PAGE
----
LASTING LEGACY – Senior class shares advice to juniors

Senior year of high school is different for everyone. Some choose to sleep through it while others decide to load up on rigorous courses. While the current senior class’s experience was abnormal due to the pandemic, there will be similarities the junior class can expect to endure.

“The junior class should be excited for their senior year because it is such a monumental year,” said Allison Breidenbach, who has committed to the University of South Florida. “You’re applying for college, becoming an adult and getting ready to enter the real world. As stressful as it will be doing senior project and waiting for college decisions, make sure you enjoy the year and make as many memories as possible.”

Upcoming months for juniors will be dedicated to college-oriented preparations. Universities begin accepting applications during the late summer each year. Some seniors, like Asher Dorfman, who committed to USF, said the process of completing college applications won’t feel as stressful with a little bit of organization.

“Save the headache and get your college applications in ASAP,” Dorfman said. “You’ll thank yourself in the end because you’re not scrambling to finish prerequisites or trying to find documents. You’ll feel that weight lift off your shoulders the second you hit submit. And it’s a rush of euphoria getting that first acceptance letter.”

Most U.S. colleges require applicants to write a short essay about themselves or about a topic of their choosing, as part of the application process. Sean Regan, who committed to the University of Florida, said it is important to write in a way that will create lasting impressions on the admissions officers who read the essays.

“By getting a bunch of people, like parents and friends, to review your college essay and help correct it, you can bring your college essay to the next level,” Regan said. “Since college admissions have to read thousands of essays, write about something personal and try to make it stand out from the crowd. Don’t write about something that everyone experiences; do it about something that is specific to you and has impacted you.”

The term senioritis is often used to refer to a senior’s decrease in motivation and performance in school. Joshua Lopez said juniors should come prepared for these challenges.

“Senioritis is a real thing,” Lopez said. “You’ll feel like you have lots of work. You’ll feel anxious. You’ll feel tired. And the constant feeling of laziness is there. But my biggest takeaway from this year: don’t get lazy, and finish strong. Keep your head high and your hands low for completing your work. Nothing is more important than finishing off high school successfully and fulfilled.”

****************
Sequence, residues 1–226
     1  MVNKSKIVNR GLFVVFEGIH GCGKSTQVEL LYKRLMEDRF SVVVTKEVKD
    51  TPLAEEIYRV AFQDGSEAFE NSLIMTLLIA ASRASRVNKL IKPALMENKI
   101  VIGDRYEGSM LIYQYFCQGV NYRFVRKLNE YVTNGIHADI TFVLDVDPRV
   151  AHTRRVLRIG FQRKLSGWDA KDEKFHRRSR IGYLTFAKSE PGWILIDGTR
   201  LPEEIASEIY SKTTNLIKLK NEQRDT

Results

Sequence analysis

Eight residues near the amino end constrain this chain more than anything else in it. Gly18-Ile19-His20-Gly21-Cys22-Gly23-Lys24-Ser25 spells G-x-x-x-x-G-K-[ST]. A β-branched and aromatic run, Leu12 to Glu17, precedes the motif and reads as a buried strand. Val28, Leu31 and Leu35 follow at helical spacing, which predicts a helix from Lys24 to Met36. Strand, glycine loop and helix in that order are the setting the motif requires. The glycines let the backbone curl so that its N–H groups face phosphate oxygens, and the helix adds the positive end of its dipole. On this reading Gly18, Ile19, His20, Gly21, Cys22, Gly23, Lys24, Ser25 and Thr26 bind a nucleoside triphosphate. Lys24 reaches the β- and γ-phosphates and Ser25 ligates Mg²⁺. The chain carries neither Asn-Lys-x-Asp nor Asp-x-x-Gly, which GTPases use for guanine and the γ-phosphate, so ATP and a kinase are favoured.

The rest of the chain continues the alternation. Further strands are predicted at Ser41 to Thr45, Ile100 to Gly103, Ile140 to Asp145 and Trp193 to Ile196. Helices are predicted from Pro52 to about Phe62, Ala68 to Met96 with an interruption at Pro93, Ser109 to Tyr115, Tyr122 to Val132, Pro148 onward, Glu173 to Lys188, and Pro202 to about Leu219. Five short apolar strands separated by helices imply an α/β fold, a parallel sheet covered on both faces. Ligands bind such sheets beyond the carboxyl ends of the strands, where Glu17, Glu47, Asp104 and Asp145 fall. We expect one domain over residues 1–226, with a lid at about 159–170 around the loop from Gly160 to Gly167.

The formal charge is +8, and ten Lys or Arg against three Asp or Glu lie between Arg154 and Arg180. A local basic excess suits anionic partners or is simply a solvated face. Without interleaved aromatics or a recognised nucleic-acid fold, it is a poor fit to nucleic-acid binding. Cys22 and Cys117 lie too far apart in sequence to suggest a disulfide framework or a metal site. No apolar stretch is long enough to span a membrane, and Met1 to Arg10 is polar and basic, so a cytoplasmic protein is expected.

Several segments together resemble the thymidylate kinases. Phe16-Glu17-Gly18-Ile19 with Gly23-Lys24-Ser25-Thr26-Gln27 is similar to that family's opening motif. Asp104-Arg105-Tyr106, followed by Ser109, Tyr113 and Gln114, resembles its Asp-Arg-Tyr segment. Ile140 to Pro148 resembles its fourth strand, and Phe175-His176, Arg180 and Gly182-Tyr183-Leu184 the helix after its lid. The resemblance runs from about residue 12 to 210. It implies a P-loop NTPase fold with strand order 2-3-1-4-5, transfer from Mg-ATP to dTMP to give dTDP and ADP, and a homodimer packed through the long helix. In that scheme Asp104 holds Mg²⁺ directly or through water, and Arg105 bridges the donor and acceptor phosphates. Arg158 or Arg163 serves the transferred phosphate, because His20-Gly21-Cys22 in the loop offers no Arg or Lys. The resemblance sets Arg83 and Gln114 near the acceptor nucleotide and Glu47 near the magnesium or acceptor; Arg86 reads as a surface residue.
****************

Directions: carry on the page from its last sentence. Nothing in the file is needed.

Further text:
West Shore requires students to complete a project during their senior year that challenges them to demonstrate creativity. Vaughn Addington, who committed to USF, said the senior project is a chance for students to venture out of their comfort zone.

“Senior project can either be a relatively fun experience or a very stressful one, depending on how much you procrastinate on your work,” Addington said. “Come into the class with an idea of what you want your project to be. Make it something you’re personally interested in. Complete the assignments as they are given and don’t let them build up. But at the same time, this is your last year in high school. Don’t get too caught up in school that you don’t enjoy your year. Leave time in your schedule to also do things that you want to do.”

For many seniors, this will be their sixth and final year as a Wildcat. Mackenzie Kologlu, who committed to Colorado State University, said this final school year will certainly be memorable.

“The overall atmosphere of being a senior just feels amazing,” Kologlu said. “You’re at the top of the food chain and you’ve earned the power to refer to every other grade as ‘the tiny ones’ — even if they are actually taller than you. [Senior year] is definitely a one-of-a-kind experience and I wish you the best of luck.” [My] only advice is: Own it.”

Taqwa Naas, who has committed to UF, said the juniors should try to enjoy their senior year no matter what occurs.

“Whatever the situation is, you will turn out to be fine one way or another, even though it may seem like there’s no end to the stress and anxiety,” Naas said. “Prepare yourselves to go through a rollercoaster of emotions — dread, happiness, relief. It may look and feel dreadful but the result of your efforts in senior year will make your high school career worthwhile. It will feel like it was over in the blink of an eye.”